The Harvest Bowl comes with warm quinoa and farro, hummus and roasted vegetables, which you can accessorize with your choice of protein: chicken, tri-tip, tofu or ahi. (Photos courtesy of Flora & Fauna)

Spotlight on: Flora & Fauna Provisions

Breakfast and lunch spot caters to the return-to-office crowd

Back Web Only Jul 9, 2024 By Marybeth Bizjak

From cottage food business to pop-up kitchen to caterer to brick-and-mortar cafe in two short years: that’s the swift trajectory followed by Flora & Fauna Provisions, a hip new breakfast-and-lunch spot that opened a few months ago in the Park Tower office building downtown at J and 9th streets. There, owners Angelika Feldman and Christopher Lee, romantic as well as business partners, are serving up high-quality, ingredient-focused fare while riding the small but steadily growing wave of downtown state and office workers returning to the office.

Owners Christopher Lee and Angelika Feldman are the co-owners of Flora & Fauna Provisions.

The pair are longtime food industry pros. She spent 10 years working at Nugget Markets, seven of them as a cheesemonger. He went to culinary school, then cooked at some of the best fine-dining restaurants in the region, including Hawks, Canon, Localis, Mulvaney’s B&L and Magpie. In 2022, they teamed up to start a home-based business making jams, mustards and crackers — the “provisions” of their business name. (The moniker’s “flora” and “fauna” are nods to the produce and meats they source from local farms.) They quickly attracted a following doing pop-ups at local wineries and breweries and later branched out into catering for weddings and other events.

Christopher Lee has cooked at some of the top-rated restaurants in the region, including Hawks, Canon and Localis.

Then, someone encouraged them to participate in Downtown Sacramento Partnership’s Calling All Dreamers program, a competitive business incubator boot camp whose winner gets a free year’s lease on a downtown retail space. (Previous winners include The Allspicery and Nash & Proper.) While they didn’t win, Lee and Feldman were finalists, and Downtown Partnership helped them secure a 2,200-square-foot ground-floor spot in Park Tower that previously housed an acai-bowl place and a fast-casual Mexican eatery. They opened Flora & Fauna earlier this year.

Open Monday through Friday for breakfast (served all day) and lunch, Flora & Fauna offers a slim, tightly curated menu of sandwiches, burritos, bowls and salads, along with a handful of specials. A full 85 percent of the items are made in-house, from the bagels, breads and pastries made by Feldman, who only recently taught herself to bake, to the thick-cut bacon, cured by Lee using a rub made with decaf espresso beans from local Anchor & Tree Roasting Co.

Most of the dishes come in two versions: meat and vegetarian. There’s a breakfast sandwich called The Flora (seasonal vegetables scrambled into local Vega Farms eggs topped with cheese and preserved tomato aioli) and one called The Bacon (fluffy chive eggs, Lee’s house-cured bacon and seasonal house-made jam; right now, it’s smoked peach/chipotle). Served on a freshly baked yeasted potato bun, either one is a worthy successor to Ginger Elizabeth’s popular Five Farm Breakfast Sandwich, whose abrupt removal from the midtown patisserie’s menu last summer nearly prompted a revolt from upset customers.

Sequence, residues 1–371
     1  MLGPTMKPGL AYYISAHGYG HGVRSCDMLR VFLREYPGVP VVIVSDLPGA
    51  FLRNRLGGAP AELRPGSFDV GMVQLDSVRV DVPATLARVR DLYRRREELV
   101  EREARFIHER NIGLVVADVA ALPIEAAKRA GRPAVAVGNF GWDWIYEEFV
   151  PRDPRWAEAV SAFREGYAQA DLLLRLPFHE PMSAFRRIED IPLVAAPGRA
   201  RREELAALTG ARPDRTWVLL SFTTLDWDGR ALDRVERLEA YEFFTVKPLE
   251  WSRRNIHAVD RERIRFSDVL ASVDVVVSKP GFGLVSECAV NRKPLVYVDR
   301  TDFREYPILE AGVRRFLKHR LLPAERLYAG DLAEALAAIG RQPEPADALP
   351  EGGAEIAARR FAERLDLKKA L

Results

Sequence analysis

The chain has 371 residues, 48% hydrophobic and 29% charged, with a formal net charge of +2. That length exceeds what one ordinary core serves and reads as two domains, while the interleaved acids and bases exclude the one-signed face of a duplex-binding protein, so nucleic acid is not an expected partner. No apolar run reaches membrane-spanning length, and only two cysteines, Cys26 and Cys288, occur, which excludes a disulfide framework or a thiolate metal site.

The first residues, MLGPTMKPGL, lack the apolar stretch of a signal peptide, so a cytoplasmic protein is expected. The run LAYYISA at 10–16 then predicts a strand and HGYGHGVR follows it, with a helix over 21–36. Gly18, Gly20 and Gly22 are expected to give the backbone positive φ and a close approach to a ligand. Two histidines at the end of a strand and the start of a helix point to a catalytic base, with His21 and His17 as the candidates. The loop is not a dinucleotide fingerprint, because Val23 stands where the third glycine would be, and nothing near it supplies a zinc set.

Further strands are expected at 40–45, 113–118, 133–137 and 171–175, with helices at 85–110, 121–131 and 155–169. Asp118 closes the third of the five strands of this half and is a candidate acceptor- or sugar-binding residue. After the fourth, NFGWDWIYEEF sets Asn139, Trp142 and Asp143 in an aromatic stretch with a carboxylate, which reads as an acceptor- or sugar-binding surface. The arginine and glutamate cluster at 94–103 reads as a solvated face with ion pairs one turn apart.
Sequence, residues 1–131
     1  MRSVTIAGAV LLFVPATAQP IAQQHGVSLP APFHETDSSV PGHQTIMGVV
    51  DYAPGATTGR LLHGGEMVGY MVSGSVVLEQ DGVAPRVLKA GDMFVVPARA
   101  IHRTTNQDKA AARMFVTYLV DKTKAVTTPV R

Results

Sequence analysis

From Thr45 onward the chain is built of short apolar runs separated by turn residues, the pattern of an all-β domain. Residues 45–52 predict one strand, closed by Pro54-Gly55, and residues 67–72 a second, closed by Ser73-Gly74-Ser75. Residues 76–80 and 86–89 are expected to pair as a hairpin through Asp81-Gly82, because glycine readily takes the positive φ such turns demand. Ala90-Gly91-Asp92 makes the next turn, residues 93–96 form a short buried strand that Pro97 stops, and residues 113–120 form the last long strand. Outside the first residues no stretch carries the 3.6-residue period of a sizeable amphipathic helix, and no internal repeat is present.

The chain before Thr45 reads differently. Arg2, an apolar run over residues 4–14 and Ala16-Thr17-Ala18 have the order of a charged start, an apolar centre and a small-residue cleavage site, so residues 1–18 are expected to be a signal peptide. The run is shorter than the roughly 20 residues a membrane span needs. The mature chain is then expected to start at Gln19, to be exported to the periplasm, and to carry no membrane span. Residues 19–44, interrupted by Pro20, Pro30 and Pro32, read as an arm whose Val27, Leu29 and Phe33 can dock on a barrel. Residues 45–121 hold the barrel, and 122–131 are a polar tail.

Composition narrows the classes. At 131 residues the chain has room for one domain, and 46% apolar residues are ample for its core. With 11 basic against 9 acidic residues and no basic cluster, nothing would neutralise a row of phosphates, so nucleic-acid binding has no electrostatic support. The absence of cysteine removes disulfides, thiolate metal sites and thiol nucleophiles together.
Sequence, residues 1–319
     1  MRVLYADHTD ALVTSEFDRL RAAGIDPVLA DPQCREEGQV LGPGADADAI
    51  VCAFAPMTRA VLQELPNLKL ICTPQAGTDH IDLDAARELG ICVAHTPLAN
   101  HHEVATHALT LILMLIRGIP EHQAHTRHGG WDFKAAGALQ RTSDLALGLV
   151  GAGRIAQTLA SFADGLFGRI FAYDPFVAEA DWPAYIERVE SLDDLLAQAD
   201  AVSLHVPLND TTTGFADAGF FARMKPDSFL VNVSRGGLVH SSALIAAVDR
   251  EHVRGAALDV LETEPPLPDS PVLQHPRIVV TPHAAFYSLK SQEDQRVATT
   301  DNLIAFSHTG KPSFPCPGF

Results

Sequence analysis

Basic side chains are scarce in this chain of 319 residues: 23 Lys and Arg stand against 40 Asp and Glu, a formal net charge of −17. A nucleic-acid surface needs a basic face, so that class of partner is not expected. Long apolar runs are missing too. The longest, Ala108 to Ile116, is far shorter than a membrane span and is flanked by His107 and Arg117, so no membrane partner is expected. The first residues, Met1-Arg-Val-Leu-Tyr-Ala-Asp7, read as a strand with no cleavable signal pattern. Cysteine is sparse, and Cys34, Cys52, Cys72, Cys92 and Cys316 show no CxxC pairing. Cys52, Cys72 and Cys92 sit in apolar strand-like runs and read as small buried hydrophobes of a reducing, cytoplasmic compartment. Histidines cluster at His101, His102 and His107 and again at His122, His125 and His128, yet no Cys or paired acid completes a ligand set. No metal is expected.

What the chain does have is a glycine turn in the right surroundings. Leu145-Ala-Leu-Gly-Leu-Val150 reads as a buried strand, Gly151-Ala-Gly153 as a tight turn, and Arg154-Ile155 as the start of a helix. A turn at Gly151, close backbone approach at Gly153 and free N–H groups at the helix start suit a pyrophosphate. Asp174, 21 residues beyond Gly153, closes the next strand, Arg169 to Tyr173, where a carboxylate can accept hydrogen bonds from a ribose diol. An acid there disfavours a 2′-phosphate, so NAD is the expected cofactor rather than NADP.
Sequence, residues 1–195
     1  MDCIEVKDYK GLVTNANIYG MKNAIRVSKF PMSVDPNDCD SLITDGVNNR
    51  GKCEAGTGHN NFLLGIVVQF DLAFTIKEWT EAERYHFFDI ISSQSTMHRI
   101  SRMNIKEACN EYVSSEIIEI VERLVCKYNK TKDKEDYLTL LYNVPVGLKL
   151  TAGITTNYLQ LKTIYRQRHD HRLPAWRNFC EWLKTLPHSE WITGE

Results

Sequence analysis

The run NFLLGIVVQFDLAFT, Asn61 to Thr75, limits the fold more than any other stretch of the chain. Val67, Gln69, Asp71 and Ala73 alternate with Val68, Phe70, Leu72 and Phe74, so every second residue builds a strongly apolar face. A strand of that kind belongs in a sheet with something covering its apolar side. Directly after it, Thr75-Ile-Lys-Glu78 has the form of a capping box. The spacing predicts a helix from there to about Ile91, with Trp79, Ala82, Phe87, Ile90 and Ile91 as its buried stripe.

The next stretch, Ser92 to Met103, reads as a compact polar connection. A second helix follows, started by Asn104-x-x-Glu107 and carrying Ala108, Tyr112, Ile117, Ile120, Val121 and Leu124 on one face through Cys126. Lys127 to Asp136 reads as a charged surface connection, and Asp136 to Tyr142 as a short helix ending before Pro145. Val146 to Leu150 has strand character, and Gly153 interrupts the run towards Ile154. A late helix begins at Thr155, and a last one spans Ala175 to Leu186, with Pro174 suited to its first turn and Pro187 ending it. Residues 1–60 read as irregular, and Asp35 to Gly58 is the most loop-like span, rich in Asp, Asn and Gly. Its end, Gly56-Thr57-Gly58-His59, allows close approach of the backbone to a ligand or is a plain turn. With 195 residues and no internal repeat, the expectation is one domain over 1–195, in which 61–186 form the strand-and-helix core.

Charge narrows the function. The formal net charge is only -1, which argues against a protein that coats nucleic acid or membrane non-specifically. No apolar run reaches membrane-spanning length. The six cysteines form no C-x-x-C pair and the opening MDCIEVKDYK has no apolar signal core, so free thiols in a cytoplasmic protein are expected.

For breakfast, you can also order a burrito (starring either house-cured pork belly or roasted seasonal vegetables) or a baby cast-iron skillet of eggs scrambled with potatoes, onions and bacon lardons, topped with shredded cheese. At lunch, the menu offers a handful of sandwiches. Fillings include roasted chicken, bacon and house-made dill ranch; roasted tri-tip, arugula and herbed goat cheese; and house-made hummus, chipotle avocado spread and house-made pickles. 

Flora & Fauna also sells house-made sweets, like these macarons.

For salads, there’s a chopped Cobb with house-made bleu cheese dressing instead of crumbles, and an elegant sesame seed-crusted ahi tuna, lightly seared and served on mixed greens with yuzu miso dressing, topped with crispy shallots and pine nut chili crunch. The Harvest Bowl comes with warm quinoa and farro, hummus and roasted vegetables, which you can accessorize with your choice of protein: chicken, tri-tip, tofu or ahi. Specials change on a dime and can be anything from house-cured pastrami in a 10-day brine served on house-made rye to a croque madame sandwich on a bagel.

Making burritos, bowls and sandwiches is a far cry from the kind of elevated cooking Lee did at his previous restaurant jobs. These days, he scratches that fine-dining itch by holding private “chef’s table” dinners for paying customers (starting at $500 for seven to 10 courses for a couple) and ticketed tasting-menu dinners at nearby There and Back Cafe at 11th and K. 

For a spring dinner inspired by the animated films of Hayao Miyazaki, courses were themed around movies such as “Howl’s Moving Castle” and “My Neighbor Totoro.” One sea-focused course inspired by “Ponyo” featured a miso butter-basted scallop on a delicate piece of fried rice paper, topped with an edible dashi veil and finished with yuzu foam to replicate ocean waves lapping the shore.

Lee hopes someday to return to his fine-dining roots. But for now, he and Feldman are happy making top-notch sandwiches and burritos for the RTW (return to work) downtown office crowd.

Flora & Fauna Provisions, 980 9th St., Sacramento; (916) 817-0911;

Open 8 a.m.–3 p.m. Monday–Friday, closed Saturday and Sunday (hours subject to change).

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